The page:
Shows & Panels
- The 2014 Big Picture on Cyber Security
- AFCEA Answers
- Ask the CIO
- Building the Hybrid Cloud
- Connected Government: How to Build and Procure Network Services for the Future
- Continuing Diagnostics and Mitigation: Discussion of Progress and Next Steps
- Federal Executive Forum
- Federal Tech Talk
- The Intersection: Where Technology Meets Transformation
- Maximizing ROI Through Data Center Consolidation
- Moving to the Cloud. What's the best approach for me
- Navigating Tough Choices in Government Cloud Computing
- The New Generation of Database
- Satellite Communications: Acquiring SATCOM in Tight Times
- Targeting Advanced Threats: Proven Methods from Detection through Remediation
- Transformative Technology: Desktop Virtualization in Government
- The Truth About IT Opex and Software Defined Networking
- Value of Health IT
Shows & Panels
The Federal Protective Service will no longer coordinate security at DHS headquarters on Nebraska Avenue in Northwest D.C. according to a May 1 memo from the agency's chief security officer to the undersecretary for management. The memo was brought to light Wednesday by members of a House Transportation and Infrastructure subcommittee at a hearing on the security of federal buildings. Rep. Lou Barletta (R-Pa.), chairman of the Subcommittee on Economic Development, Public Buildings and Emergency Management, cited the DHS memo as a possible sign that "confidence in FPS may be eroding" from within DHS.
Audits find contract security personnel, which make up the vast majority of the Federal Protective Service's workforce, receive no meaningful training on how to deal with armed attackers. And many operators of X-ray machines and metal detectors at building entrances likely have never been trained to properly use them.
A new Government Accountability Office report says the Federal Protective Service isn't doing enough to safeguard more than 9,000 federal buildings.
While the Telework Enhancement Act of 2010 required agencies to include telework policies in their continuity of operation plans, GAO found agencies lack a definition of what "inclusion" means.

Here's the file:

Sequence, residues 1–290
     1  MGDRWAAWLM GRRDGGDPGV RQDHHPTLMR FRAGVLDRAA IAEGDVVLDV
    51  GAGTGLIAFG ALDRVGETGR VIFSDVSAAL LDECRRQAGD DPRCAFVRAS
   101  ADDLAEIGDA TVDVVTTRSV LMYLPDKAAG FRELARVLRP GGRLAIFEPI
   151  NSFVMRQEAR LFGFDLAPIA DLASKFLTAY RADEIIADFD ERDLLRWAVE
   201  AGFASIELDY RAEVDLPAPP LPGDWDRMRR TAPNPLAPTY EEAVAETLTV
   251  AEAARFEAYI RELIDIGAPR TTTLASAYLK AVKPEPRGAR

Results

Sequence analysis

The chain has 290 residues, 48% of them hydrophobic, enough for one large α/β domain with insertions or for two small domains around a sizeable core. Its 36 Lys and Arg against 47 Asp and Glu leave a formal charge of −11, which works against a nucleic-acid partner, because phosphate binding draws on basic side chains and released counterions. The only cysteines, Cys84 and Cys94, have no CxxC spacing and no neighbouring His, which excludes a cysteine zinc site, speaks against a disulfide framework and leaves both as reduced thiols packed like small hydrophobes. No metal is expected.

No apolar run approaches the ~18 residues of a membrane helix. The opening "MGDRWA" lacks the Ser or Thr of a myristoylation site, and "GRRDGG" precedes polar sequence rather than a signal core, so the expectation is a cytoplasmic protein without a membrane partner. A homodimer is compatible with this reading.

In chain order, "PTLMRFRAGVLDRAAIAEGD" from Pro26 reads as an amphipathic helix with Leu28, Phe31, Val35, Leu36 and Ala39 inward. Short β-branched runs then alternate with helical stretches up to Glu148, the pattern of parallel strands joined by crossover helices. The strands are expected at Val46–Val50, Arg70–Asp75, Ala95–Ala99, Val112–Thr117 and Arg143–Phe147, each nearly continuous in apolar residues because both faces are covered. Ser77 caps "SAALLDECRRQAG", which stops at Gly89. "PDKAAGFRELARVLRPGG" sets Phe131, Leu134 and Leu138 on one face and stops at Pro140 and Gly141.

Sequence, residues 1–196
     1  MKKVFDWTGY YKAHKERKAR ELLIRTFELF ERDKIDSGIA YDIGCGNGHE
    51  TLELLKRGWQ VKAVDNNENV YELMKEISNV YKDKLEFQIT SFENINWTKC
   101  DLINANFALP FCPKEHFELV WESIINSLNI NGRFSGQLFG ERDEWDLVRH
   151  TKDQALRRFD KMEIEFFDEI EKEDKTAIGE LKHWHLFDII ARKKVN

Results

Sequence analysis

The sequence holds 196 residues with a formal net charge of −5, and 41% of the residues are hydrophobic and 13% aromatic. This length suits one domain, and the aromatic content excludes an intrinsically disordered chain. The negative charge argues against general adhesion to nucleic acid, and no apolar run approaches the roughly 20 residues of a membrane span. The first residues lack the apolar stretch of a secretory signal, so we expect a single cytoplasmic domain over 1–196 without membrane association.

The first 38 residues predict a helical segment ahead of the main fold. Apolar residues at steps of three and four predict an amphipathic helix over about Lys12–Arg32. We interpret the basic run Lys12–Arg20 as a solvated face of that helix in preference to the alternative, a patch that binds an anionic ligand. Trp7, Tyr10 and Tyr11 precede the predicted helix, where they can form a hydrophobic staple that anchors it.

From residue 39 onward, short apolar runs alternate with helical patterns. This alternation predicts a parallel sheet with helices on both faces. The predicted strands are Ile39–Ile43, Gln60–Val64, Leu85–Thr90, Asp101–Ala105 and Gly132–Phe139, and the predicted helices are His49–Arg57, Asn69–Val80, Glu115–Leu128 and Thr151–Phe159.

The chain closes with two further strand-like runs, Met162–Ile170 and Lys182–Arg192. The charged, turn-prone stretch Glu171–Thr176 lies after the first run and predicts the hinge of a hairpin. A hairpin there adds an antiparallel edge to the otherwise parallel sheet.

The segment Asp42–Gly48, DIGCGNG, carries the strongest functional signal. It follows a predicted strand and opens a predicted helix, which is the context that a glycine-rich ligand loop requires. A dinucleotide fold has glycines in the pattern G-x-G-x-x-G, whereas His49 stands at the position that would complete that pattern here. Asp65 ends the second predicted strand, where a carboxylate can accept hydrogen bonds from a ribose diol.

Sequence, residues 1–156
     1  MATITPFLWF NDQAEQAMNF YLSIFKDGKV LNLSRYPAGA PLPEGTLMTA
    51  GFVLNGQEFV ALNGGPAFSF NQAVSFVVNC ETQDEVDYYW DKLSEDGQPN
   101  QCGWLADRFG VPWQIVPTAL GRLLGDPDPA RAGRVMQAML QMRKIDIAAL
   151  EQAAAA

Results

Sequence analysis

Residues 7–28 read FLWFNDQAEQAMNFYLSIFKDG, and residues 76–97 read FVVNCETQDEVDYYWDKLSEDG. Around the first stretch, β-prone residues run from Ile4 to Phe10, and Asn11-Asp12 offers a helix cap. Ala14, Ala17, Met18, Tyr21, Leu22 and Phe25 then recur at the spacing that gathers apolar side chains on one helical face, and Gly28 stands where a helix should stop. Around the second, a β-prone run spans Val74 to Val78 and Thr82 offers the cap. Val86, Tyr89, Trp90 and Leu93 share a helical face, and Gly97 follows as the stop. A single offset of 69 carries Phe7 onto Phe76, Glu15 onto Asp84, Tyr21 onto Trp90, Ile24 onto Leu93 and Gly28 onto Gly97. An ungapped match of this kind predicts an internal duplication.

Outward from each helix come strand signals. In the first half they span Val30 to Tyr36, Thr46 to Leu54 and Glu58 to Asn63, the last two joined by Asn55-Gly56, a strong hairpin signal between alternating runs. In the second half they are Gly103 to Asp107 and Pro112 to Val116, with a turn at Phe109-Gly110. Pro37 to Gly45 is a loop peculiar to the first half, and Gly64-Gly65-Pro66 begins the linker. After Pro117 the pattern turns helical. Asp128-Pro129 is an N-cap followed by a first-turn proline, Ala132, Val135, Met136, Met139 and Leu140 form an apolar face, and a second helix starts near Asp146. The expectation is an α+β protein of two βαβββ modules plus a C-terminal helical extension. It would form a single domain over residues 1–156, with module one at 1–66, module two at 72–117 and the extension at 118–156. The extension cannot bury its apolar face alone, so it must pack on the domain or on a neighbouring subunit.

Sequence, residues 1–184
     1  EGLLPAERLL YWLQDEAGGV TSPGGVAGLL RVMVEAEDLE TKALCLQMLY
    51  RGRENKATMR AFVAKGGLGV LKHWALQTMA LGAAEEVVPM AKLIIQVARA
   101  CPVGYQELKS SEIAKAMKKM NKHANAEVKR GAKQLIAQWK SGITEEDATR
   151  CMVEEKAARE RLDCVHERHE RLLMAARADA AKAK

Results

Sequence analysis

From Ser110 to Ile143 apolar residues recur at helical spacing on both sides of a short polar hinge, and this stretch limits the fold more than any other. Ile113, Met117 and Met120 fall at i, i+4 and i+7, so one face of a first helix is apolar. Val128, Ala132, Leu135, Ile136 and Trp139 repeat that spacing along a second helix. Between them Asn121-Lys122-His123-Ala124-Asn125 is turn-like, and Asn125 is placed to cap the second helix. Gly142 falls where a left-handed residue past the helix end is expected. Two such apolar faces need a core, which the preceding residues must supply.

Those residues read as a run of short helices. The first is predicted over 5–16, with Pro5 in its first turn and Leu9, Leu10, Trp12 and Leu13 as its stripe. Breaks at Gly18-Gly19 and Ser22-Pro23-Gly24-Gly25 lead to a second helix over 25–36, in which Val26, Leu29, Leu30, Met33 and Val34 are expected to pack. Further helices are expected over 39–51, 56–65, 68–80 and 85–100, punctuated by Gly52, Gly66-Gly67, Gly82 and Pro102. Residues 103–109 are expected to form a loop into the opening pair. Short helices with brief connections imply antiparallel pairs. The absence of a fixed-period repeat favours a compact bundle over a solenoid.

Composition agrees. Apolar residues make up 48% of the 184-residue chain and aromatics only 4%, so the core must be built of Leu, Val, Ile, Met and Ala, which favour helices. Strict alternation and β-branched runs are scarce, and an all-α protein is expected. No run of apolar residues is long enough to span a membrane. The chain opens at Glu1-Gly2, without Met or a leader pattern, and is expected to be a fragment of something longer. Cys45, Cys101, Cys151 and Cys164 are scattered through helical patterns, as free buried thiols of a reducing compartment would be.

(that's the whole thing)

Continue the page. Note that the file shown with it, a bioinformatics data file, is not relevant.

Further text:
Eric Patterson, director of the Federal Protective Service, said at a recent hearing that reworking the agency's current reform programs will help to improve past issues of training, communication and security.
Wendell Shingler of the Adfero Group discusses improving the FPS's ability to protect 9,000 federal buildings.
Are changes coming to the federal protective service? We'll hear from Mississippi representative Bennie Thompson who says that change MUST happen, and soon.
In light of the shootings in Arizona, Federal News Radio wants to know how safe feds feel at their workplace.
All federal buildings owned or managed by GSA will have their walls adorned with posters and signs with a message from DHS. We get details from GSA's Larry Melton.
Reform is on the way for the FPS, an agency responsible for security at over 9,000 federal facilities and courthouses. AFGE's David Wright says the move is very welcome for his members.
Eight reports to Congress over the last six years have pointed out numerous shortcomings in the Federal Protective Service. The issues include inadequate training and supervision of contract guards, insufficient staff and budget, and security breaches that have allowed bomb-making materials to be smuggled into supposedly secure buildings. Now, lawmakers say enough is enough, and have introduced legislation designed to modernize and reform the FPS, which is responsible for security in 9,000 federal buildings and courthouses.
Among other issues, the GAO finds Facility Security Committees have operated since 1995 without procedures that outline how they should operate or make decisions, or that establish accountability. Mark Goldstein, Director of Physical Infrastructure Issues at GAO has more details.
GAO officials told a House Homeland Security Committee on Wednesday that FPS has repeatedly failed to manage its contract workforce and should consider other approaches to protecting federal buildings. Rep. Bennie Thompson joins us with details.